But we're sometimes a little ... well, uncomfortable with comfort.  Or we think we should be.  So often we hear a motivational speaker or a preacher or athlete talk about "getting out of our comfort zone" -- pushing ourselves beyond our limits, taking on a challenge we've never faced before.  And that's a good point.  Too much comfort can lead to complacency and laziness and can narrow our vision to our own selfish concerns.  I definitely have to guard against this because I tend to prefer comfort over challenge.

But when I give Jonathan his third "fresh cloth" of the day just because he asks for it, I can't help but see comfort as a good thing.  We need to know there's something there we can reach out for that will give us that sense of peace and all-rightness, that assurance that some things don't change and don't need to change, but can be relied on.  Even if they're just little scraps of cloth, they can be an important symbol of the security that we all really need -- a security that, ironically, can be the very source of the courage we need to face challenges when the time comes to do so.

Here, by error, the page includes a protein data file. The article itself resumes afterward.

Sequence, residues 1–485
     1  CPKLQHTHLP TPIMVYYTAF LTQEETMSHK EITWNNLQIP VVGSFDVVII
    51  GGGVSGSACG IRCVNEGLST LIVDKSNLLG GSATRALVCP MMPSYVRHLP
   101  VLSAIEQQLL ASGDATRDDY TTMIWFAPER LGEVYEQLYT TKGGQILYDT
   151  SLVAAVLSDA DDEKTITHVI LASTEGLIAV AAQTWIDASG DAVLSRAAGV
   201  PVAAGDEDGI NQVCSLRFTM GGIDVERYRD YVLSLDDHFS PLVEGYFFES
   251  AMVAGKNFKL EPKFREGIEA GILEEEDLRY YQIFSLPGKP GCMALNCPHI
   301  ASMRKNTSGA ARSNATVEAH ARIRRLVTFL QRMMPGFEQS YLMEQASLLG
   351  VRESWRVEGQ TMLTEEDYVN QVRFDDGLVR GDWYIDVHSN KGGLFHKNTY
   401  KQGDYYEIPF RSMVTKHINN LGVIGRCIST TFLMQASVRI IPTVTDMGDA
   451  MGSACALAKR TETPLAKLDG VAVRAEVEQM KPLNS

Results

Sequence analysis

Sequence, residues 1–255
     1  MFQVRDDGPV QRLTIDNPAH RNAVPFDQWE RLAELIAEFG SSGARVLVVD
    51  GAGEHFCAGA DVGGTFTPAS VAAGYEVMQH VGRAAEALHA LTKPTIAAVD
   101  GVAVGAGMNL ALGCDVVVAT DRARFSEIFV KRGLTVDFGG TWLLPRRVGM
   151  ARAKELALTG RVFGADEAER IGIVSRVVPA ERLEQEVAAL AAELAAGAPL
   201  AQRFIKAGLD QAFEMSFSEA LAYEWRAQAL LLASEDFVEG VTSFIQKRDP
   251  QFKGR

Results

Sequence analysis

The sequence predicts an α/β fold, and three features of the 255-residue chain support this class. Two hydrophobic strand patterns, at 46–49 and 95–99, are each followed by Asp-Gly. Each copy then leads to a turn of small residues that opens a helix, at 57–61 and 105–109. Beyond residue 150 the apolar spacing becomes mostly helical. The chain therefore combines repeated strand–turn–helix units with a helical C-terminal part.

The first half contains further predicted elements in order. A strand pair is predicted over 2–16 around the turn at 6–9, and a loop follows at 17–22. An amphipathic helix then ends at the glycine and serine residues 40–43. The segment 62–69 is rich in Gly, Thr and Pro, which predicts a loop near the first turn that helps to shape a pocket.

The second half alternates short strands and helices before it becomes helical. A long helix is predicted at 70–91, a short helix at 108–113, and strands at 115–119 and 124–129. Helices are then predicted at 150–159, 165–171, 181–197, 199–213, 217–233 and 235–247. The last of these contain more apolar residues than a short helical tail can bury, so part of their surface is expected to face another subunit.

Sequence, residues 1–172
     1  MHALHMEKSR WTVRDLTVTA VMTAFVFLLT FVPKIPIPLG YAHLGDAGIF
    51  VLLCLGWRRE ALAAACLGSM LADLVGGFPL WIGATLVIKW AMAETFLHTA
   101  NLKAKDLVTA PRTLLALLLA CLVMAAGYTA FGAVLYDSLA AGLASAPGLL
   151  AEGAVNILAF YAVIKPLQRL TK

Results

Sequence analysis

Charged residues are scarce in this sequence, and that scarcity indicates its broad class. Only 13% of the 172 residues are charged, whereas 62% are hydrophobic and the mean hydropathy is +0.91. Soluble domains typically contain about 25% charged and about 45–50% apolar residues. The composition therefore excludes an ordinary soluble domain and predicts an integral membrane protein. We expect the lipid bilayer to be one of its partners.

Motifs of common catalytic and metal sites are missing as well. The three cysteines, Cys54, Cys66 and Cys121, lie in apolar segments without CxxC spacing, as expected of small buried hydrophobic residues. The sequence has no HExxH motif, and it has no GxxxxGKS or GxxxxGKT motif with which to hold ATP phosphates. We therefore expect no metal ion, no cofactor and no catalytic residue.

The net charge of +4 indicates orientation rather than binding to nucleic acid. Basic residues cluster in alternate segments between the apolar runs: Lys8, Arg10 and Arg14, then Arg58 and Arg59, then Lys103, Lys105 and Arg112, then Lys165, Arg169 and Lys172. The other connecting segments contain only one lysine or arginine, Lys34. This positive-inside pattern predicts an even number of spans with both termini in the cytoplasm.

"Blessed be the God and Father of our Lord Jesus Christ, 
the Father of mercies and God of all comfort."

Monday, October 28, 2013

Monday morsel: the melancholy days

The other day on Facebook my friend Mary posted this stanza from William Cullen Bryant's poem"The Death of the Flowers."  Though it's sad, it's beautiful; so I thought I'd share it here.

image:  freeimages.co.uk

The melancholy days are come, the saddest of the year,
Of wailing winds, and naked woods, and meadows brown and sere.
Heaped in the hollows of the grove, the withered leaves lie dead;
They rustle to the eddying gust, and to the rabbit's tread.